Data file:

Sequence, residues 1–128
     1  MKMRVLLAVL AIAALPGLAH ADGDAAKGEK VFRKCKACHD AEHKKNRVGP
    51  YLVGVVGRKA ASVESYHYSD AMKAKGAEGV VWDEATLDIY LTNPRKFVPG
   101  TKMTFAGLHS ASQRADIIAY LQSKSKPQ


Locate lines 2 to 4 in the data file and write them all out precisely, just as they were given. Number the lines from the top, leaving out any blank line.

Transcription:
     1  MKMRVLLAVL AIAALPGLAH ADGDAAKGEK VFRKCKACHD AEHKKNRVGP
    51  YLVGVVGRKA ASVESYHYSD AMKAKGAEGV VWDEATLDIY LTNPRKFVPG
   101  TKMTFAGLHS ASQRADIIAY LQSKSKPQ